A road trip is a great way to experience Washington State's many wonders, from the coast to the mountains to wine country. You have your choice of scenic routes that offer multiple places to stop, to eat, and to play. Some of these Washington State road trips can be done in a day or a weekend, others are best experienced over several days. A few you'll want to repeat again and again.
Here are some recommendations for the best road trips in the state of Washington.
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Washington State is home to diverse landscapes, from rugged coast to mountain forests to pastoral farmland. You'll get to experience all of these things, and more, by traveling the Cascade Loop. The 440-mile route follows Highway 2 through Leavenworth to Wenatchee, where you'll turn north and follow Highway 97, passing through Chelan before you veer eastward. The Cascade Loop then takes you through Methow Valley and back over the Cascade Mountains via the North Cascades Highway. The big loop road trip then passes through Skagit Valley and along Whidbey Island. All of these places are fun destinations in their own right. Combining them in a Cascade Loop road trip makes for a memorable Washington vacation.
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This road trip takes you around Washington's Olympic Peninsula and Olympic National Park. The primary route, most of which follows Highway 101, is just over 300 miles. Side excursions will take you to such don't-miss destinations as Port Townsend and Cape Flattery. You'll definitely want to explore one or more sections of Olympic National Park; Hurricane Ridge (south of Port Angeles) and the Hoh Rain Forest (south and east of Forks) are two highly recommended examples. This road trip can be done in a couple days, but there's so much to see and do it could take weeks to fully experience. This is one of those Washington State road trips that you'll want to do over and over again, whenever opportunity allows.
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You can experience Mount Baker Highway as a very full day trip, or over two or more days if you include camping. The route follows Highway 542 east from Bellingham, passing through rural areas before entering Mount Baker-Snoqualmie Forest and heading upwards. Lovely any time of year, this trip is best experienced during the summer months once the final (and highest elevation) length of highway up to Artist Point is open. The fall color is amazing even if the stretch of Highway 542 up to Artist Point is closed. The hiking stops along the way range from short and easy to longer and more intense. All are among stunning scenery, so be sure to bring your camera.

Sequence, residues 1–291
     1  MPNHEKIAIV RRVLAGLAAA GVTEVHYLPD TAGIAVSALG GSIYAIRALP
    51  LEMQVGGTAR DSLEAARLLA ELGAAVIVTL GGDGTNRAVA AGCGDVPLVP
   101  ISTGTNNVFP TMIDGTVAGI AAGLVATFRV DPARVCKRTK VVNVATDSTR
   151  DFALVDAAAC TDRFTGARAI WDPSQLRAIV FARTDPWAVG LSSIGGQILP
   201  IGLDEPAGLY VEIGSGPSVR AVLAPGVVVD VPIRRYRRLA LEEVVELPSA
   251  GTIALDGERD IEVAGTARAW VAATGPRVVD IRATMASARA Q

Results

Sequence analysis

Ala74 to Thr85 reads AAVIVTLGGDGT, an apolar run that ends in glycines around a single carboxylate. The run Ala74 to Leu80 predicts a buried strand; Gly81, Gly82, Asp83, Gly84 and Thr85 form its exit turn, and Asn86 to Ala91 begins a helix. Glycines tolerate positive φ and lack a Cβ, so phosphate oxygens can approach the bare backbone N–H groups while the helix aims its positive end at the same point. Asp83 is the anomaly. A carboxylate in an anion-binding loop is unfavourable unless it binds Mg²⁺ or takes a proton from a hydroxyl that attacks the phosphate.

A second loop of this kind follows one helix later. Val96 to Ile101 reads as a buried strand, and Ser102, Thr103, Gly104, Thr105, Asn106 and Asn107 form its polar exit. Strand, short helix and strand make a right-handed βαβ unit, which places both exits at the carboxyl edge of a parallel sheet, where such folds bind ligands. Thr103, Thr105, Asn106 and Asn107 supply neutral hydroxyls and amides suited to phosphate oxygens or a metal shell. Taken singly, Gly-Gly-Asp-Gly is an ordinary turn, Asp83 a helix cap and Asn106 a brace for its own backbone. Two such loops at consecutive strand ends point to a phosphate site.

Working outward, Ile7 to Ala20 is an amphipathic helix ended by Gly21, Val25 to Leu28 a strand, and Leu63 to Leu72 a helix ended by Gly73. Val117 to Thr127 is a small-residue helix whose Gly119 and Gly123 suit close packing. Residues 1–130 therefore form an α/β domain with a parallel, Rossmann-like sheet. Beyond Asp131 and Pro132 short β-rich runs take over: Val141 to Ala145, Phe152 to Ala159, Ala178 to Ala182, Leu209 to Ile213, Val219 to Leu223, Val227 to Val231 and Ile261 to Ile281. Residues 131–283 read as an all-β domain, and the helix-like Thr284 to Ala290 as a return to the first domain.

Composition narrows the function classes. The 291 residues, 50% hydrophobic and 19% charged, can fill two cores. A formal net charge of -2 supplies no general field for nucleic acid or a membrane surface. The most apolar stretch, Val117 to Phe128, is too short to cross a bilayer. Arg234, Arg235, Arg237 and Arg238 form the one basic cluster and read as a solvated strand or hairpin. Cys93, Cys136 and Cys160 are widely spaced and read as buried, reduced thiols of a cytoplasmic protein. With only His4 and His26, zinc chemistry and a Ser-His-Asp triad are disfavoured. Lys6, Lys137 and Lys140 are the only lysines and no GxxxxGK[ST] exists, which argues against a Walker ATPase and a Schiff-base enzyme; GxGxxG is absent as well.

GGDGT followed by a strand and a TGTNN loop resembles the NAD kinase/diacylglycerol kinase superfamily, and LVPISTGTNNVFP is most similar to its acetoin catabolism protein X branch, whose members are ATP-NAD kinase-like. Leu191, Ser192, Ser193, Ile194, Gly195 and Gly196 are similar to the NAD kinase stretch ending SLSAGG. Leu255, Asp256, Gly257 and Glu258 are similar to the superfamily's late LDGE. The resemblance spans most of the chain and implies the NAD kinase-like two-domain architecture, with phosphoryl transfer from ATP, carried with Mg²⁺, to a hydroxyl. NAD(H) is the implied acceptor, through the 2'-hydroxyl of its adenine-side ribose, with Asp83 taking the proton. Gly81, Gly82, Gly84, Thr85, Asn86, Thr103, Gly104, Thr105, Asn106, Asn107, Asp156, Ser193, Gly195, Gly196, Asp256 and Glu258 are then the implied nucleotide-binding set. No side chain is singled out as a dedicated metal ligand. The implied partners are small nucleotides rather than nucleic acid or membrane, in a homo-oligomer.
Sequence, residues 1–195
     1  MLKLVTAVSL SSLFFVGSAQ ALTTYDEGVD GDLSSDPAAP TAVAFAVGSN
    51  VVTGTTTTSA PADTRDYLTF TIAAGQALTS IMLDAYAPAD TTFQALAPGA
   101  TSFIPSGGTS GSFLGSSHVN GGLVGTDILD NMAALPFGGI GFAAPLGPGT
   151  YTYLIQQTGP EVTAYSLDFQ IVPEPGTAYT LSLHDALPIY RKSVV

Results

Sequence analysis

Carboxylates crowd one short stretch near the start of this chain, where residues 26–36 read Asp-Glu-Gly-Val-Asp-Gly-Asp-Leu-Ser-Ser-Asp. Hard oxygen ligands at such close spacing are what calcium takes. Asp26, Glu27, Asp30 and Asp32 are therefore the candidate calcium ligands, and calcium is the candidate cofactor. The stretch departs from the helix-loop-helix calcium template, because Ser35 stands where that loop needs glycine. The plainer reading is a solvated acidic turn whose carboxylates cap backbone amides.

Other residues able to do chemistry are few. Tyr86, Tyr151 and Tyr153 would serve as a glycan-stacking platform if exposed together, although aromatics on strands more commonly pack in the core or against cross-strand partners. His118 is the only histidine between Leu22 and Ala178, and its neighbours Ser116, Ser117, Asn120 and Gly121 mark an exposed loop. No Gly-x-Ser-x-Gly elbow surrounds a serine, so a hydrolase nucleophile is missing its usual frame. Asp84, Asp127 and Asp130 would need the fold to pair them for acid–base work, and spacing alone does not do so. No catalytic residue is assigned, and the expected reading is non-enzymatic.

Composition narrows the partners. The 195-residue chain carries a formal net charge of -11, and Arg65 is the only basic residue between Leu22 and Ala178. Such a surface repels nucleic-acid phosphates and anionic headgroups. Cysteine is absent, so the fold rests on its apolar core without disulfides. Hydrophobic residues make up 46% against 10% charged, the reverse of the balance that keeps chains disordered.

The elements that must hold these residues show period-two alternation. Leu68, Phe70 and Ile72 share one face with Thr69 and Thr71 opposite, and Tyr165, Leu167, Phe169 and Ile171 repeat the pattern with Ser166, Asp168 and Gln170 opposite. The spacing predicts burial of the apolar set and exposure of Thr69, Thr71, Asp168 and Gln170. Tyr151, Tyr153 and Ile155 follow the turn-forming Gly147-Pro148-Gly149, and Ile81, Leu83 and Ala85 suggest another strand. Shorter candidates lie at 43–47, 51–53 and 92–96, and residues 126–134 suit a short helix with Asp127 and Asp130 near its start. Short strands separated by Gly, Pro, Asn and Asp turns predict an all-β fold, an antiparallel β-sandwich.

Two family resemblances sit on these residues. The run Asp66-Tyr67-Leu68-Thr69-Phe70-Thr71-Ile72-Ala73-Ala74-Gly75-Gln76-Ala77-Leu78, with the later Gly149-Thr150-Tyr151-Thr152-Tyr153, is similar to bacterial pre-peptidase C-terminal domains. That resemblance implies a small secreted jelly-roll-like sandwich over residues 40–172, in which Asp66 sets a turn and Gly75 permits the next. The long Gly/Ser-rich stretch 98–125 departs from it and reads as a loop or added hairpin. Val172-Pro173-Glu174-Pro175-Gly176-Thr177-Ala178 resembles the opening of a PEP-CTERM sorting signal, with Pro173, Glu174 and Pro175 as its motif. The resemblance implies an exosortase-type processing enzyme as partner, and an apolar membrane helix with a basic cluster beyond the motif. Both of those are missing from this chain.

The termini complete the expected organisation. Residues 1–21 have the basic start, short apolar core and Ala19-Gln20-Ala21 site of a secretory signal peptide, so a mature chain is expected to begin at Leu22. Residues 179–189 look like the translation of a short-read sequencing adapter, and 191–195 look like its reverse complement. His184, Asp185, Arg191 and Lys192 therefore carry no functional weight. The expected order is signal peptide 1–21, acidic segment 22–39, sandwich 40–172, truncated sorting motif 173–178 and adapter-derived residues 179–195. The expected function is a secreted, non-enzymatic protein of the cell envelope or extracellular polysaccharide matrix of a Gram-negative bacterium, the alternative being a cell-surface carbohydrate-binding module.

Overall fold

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Packed with cool geology, outdoor recreation, and unique views, a trip along Coulee Corridor National Scenic Byway takes you through arid landscapes that are definitely not what people expect from the "Evergreen State". The complete Coulee Corridor road trip runs from the town of Othello and the Columbia National Wildlife Refuge north, past Grand Coulee Dam, to Omak. The entire region was carved by enormous ice age floods that left deep channels - "coulees" in local parlance - that are now scattered with lakes large and small. These unique landscapes are now home to several state parks and provide habitat for abundant birds and wildlife. All of the natural wonders along this Washington State road trip are accompanied by one massive man-made wonder, Grand Coulee Dam. A tour and a stop at the dam visitor center are must-dos. If you're staying after dark during the summer, you can enjoy a narrative, musical laser show projected onto the dam itself.Continue to 5 of 6 below.
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North Cascades Highway
Part of the Cascade Loop, the North Cascades Highway has all the ingredients of a fun-filled and scenic road trip all on its own. This Washington State road trip follows State Route 20 from Sedro-Wooley on the west side of the Cascade Mountain Range to Twisp on the east side. Along the way you can stop to enjoy a float trip along the Skagit River - early in the year, you'll have the chance to see migrating bald eagles. Then spend a few hours in Newhalem, an old company town with fun forest hikes and access to Skagit Tour's Diablo Lake boat tours. The North Cascades National Park Visitor Center is worth spending some time exploring. The drive over the mountain pass takes you past gorgeous - and extremely photogenic - Gorge, Diablo, and Ross Lakes. The unique blue-green color of these lakes is a wonder not to be missed and can be enjoyed at scenic overlooks. The eastern section of the North Cascades Highway takes you through Methow Valley and the Old-West-style town of Winthrop, a region rich in recreation and visitor amenities. The North Cascades Highway is closed during the winter months of the year, typically from November into May.
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While there are no connecting roads that can take you in a loop around Mount Rainier National Park, you can still put together a road trip that includes most major regions of the park, including Longmire, Paradise, Ohanapecosh, and Sunrise. The ability to view the peak of Mount Rainier from different sides, combined with the stunning surrounding scenery, makes this a memorable Washington State road trip. Throw in the many places to stop and take in a hike or a view or to visit a historic structure or a visitor center and you have activities to fill two or more days. Your overnight options include camping and the historic lodges at Longmire and Paradise.